Why Christians Might Resist Belief in Evolution

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Re: Why Christians Might Resist Belief in Evolution

Post  jgrow2 on Sat Oct 10, 2009 10:33 am

Objectivitees wrote:I didn't catch the 'problem' to which you refer. Could you specify for poor little overworked and slow me, please?

Sorry. specify the problem in the next paragraph, which is below....

I agree, a good argument should be logically consistent. Too often though, these debates turn into mere word games, and can even devolve further into emotional arguments. They do nothing but while away a few hours and warm up a room with hot air, whether from actual voices or from overburdened CPUs. You get a nice look into the way a particular person perceives reality, but that's all.

...and to your response...

Creations' presuppositions (assumptions)are better justified (by logic) than Evolutions'.

That will be a neat trick for you to pull off, proving that point. Because I don't see it. At all. So I look forward to reading.


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Re: Why Christians Might Resist Belief in Evolution

Post  Stegocephalian on Sat Oct 10, 2009 11:19 am

Objectivitees wrote:

I agree. I would however, add that “belief systems” need to be rational and reasonable as well. Only logic will enable us to make this determination.


How? By what means can you - through logic alone - determine the "reasonability" of an idea? You cannot - when you talk about something being reasonable and rational, as opposed to merely logically consistent, you need to step out of the area of pure logic, and enter in some data out of the real world, which you then use logic to draw conclusions from.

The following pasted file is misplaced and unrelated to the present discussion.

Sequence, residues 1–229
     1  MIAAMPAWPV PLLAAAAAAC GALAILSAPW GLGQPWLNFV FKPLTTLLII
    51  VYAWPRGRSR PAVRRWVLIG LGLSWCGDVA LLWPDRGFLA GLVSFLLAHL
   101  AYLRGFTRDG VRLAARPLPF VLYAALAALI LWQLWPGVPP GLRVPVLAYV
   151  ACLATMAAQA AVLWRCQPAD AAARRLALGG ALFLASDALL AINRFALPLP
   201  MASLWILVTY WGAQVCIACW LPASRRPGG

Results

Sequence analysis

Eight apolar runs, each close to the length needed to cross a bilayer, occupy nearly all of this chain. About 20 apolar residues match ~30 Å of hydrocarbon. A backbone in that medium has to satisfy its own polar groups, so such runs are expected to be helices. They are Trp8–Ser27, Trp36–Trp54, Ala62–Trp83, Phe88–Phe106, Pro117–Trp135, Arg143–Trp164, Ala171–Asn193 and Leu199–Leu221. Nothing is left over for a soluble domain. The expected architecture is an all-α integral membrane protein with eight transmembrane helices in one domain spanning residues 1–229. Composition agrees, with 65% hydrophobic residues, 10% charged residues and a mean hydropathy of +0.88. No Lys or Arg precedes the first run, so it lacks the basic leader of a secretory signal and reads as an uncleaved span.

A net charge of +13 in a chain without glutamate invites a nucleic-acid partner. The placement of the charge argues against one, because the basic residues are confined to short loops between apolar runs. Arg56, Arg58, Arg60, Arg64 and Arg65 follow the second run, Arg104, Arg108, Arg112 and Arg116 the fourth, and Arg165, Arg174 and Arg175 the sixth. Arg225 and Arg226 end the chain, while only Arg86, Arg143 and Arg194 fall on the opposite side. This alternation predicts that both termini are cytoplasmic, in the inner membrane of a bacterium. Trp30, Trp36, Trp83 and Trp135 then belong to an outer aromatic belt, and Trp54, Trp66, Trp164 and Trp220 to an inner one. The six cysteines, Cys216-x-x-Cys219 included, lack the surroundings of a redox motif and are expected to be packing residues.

The collection of statements:

1. All rocks are made of cheese
2. The moon is made of rock
3. Therefore the moon is made of cheese

Represents a completely logically sound position - but it it's premises are not valid; it does not correspond to the state of reality.

So then, logic does tell us something about reality, namely, in your example, it corresponds with the truth that the moon is not made of cheese. Your Modus tollens is a perfect (and valid)example of such kinds of logic, but just because this particular example doesn’t support it’s conclusion, does not mean it does not tell us anything about reality.

No, the logic doesn't tell us anything about reality, in the example I gave above. We know that the logic in my example is sound, and that is as far as you can go whereas logic goes. The reason we know that the premise of that argument is false when it comes to the real world, is that it contradicts with direct empirical evidence of the nature of rocks - our experience and the study of rocks reveals unequivically that rocks are not made of cheese.

Without experience of the world as it is - say a if you give this inference to someone who's lived in a box and never seen a rock (or the moon for that matter), no amount of logical inference, or application of reason will help them to come to the conclusion that the premise, and thus the conclusion is false.

You ultimately cannot say anything about reality in the absense of empirical evidence of the reality you are talking about - using logic divorced from this sort of evidence can only tell you whether your arguments are logically, structurally valid; no useful information on the way the world is can be derived through this route.